Chasing your dreams does have its awkward moments. Remember how I said that I wanted to be an artist when I was younger? Well, the artist gene decided to skip me when I was born, so aside from being able to draw things with my foot, I have pretty much zero artistic skills. In fact, it took the bank teller 20 minutes to read a piece of my writing today. However, I like to think that I am indeed creative, and one of the things I enjoy doing is inventing things. I’ll save the story about the Ares 300 (the first paddlesport training equipment I made) for another time, because it’s all about the cork now!
Let’s be serious for a second. If you were given 20 pieces of cork and someone said to you, “Go at it”, you’d probably do the same thing. Okay, so I blew about 4 bills on cork wedges (*sniffle*) but it wouldn’t be worth it if I didn’t learn anything! In addition to soaking LaunchPads in water, sitting and grinding on the LaunchPads, throwing them around my living room, doing full squats on them, and rubbing coffee and sugar into them, I decided to see how difficult it is to puncture them.
So there I was at 2 o’clock in the morning, topless and in sweatpants, hunching over a waste bin. While most people my age would be post-partying and in the same position, I was using a pair of dull scissors to push some holes through a cork wedge. You can see how much fun I am in real life.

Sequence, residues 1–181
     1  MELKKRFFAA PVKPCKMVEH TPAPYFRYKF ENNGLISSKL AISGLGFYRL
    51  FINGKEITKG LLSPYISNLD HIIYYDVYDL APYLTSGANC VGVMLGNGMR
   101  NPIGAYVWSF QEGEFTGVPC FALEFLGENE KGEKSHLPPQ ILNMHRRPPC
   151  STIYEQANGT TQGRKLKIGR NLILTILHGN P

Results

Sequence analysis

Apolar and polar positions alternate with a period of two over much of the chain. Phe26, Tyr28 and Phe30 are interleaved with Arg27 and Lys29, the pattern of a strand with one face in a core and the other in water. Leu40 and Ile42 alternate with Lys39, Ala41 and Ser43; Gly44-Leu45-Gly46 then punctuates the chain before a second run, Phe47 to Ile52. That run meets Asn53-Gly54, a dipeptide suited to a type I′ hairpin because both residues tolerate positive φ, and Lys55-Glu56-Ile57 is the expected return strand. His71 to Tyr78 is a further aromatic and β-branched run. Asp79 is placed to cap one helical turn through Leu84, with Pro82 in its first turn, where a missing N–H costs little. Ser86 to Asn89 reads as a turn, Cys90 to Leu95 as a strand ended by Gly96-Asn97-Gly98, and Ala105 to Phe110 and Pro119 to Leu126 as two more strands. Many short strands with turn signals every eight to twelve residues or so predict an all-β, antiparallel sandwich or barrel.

Here’s the issue. Most paddlers only have 2 hands, and they have to carry the following:
There needed to be a way to attach the LaunchPad to the paddle or bag for easy carrying and transport. BUT HOW?
I first poked a hole through one corner and threaded a ribbon through, then hung it over the T-Grip of a paddle. It looked messy and dangly (and in the sport of spandex, we don’t like dangly) so I knew I had to change it up. It took considerably longer than one would imagine to decide to poke TWO holes rather than one, and center them so that they fit over the paddle. I’ll admit I’m a bit slow.
Okay, awesome. We have 2 holes but nothing to thread through them. After some trial and error and more deep thinking over some oolong tea, I decided that:
It was 3am and I was about to give up. Luckily my very smart friend from Australia suggested… what about Velcro?
Sometimes, the best solution was the most obvious one all along.
My next prototype that came in had 2 clean slits cut through them, centered on one side. This allows LaunchPad to fit flush against the paddle (if the lip is facing away from the paddle) without swinging around or damaging the lip portion of the pad. LaunchPad doesn’t need to have a paddle threaded through it and can be on and off the paddle securely and efficiently. I gave it lots of really good tugs and it was definitely secure!
After a short eBay search, I ordered some bulk Velcro straps that are used to tidy up loose wires. They came in 2 weeks later and were actually half the length I was hoping for – I don’t read specs well at 3am – but I just put 2 together and they turned out fine. And, LaunchPad can also strap to backpacks or PFDs in a split second. I also purchased some higher quality coloured ones that people can purchase for $1 more (which is at cost).
Now… to fine-tune the design and it is set to hit the shelves!
Please feel free to share this link to your fellow paddlers. You may just save a back or two!